Lean Six Sigma is a business improvement methodology that aims to maximize shareholder value by improving quality, speed, customer satisfaction, and costs: it achieves this by merging tools and principles from both Lean and Six Sigma. It has been widely adopted in manufacturing and service industries and its success in some famous organizations (e.g. GE, and Motorola) has created a copycat phenomenon with many organizations across the world willing to replicate the success.

Lean and six sigma have followed independent paths since the 1980s, when the terms were first hard coded and defined: the first applications of lean were recorded in the Michigan plants of Ford in 1913, and were then developed to mastery in Japan (within the Toyota Production System), while six sigma saw the light in the United States (within the Motorola Research Centre). Lean is a process improvement methodology used to deliver products and services better, faster, and at a lower cost. Womack and Jones (1996) defined it as:

a way to specify value, line up value-creating actions in the best sequence, conduct those activities without interruption whenever someone requests them, and perform them more and more effectively. In short, lean thinking is lean because it provides a way to do more and more with less and less—less human effort, less human equipment, less time, and less space—while coming closer and closer to providing customers with exactly what they want.

Six Sigma is a data driven process improvement methodology used to achieve stable and predictable process results, reducing process variation and defects. Snee (1999) defined it as:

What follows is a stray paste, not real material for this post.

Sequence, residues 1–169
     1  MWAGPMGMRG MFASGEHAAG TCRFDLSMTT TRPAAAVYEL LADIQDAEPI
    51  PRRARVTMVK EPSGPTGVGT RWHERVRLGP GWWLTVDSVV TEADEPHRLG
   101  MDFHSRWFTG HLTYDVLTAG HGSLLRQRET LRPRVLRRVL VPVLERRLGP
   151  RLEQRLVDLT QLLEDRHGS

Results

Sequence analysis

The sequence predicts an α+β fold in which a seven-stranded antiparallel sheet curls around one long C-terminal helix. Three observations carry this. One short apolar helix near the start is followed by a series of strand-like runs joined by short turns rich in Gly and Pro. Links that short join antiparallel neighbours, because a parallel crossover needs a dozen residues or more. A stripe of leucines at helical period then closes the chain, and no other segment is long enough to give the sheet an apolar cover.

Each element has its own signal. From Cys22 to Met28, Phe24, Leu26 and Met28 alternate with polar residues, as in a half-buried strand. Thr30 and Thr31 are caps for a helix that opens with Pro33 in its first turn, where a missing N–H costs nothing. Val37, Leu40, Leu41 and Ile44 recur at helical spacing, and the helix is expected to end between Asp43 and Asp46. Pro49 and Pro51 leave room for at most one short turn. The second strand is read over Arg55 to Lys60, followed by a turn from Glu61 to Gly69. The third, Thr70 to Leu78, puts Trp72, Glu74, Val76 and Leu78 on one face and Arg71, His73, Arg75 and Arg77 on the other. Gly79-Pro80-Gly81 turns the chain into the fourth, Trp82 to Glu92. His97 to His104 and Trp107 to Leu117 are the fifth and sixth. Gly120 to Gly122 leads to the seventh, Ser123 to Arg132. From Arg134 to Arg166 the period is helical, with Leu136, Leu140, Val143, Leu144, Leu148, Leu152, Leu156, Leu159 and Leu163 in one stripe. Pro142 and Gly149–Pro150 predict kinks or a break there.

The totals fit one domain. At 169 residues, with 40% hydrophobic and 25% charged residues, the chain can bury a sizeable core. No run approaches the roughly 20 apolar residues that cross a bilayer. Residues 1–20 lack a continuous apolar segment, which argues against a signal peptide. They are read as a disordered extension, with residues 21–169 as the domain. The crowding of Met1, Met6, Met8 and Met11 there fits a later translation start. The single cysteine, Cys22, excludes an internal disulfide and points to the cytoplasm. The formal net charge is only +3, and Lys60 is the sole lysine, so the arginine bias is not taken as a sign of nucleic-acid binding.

‘a business strategy that seeks to identify and eliminate causes of errors or defects or failures in business processes by focusing on outputs that are critical to customers’.


Overview of critical success factors for Lean Six Sigma identified in the literature

Rockart (1979) illustrated the concept of Critical Success Factor (CSF) and how they can be used to determine the information needs for managers: according to Rungasamy et al (2002), CSFs are those factors essential to the success of any program or technique, in the sense that, if objectives associated with the factors are not achieved, the application of the technique will perhaps fail catastrophically. CSFs include vital issues to an organization’s current activities and future success (Boynlon and Zmud, 1984).

In the vast Lean Six Sigma literature, we have identified 31 sources discussing Critical Success Factors for its implementation: 22 articles and 9 books, from whom the resulting list of nineteen CSFs is summarized in Table I.

Anthony and Banuelas (2002) analyzed the “key ingredients for the effective implementation of a Six Sigma program” UK companies, with Coronado and Anthony (2002) further refining them as:

 Management commitment and involvement.

 Understanding of six sigma methodology, tools, andtechniques.

 Linking six sigma to business strategy.

 Linking six sigma to customers.

 Project selection, reviews and tracking.

 Organizational infrastructure.

 Cultural change.

 Project management skills.

 Linking six sigma to suppliers.

 Training.

The importance of organizational infrastructure and culture was highlighted from Zu and Fredendall (2010), while Pande et al. (2000) included leadership commitment as one the CSFs. Johnson and Swisher (2003) identified CSFs in:

 Sustained and visible management commitment

 Continuing education and training of managers and participants

 Setting clear expectations and selecting projects leaders carefully for leadership skills

 Picking and selecting strategically important projects


in SMEs. The importance of organizational culture as CSF was identified from Erwin (2000), while Dale (2000) highlighted the importance of linking Lean Six Sigma to the overall business strategy.

The need of a process management system, particularly the tracking and review of projects, was highlighted from Martens (2001), while Ingle and Roe (2008) went deeper in the subject, identifying the prioritization of projects as a CSF. Antony (2006) add other CSFs to the literature, identifying selection of team members, understanding of the tools, linking Six Sigma to customers and accountability to the existing list of CSFs.

Goldstein (2001) identified thirteen CSFs:

1. Deployment plan.

2. Active participation of the senior executives.

3. Project reviews.

4. Technical support (Master Black Belts).

5. Full-time vs. part-time resources.

6. Training.

7. Communications.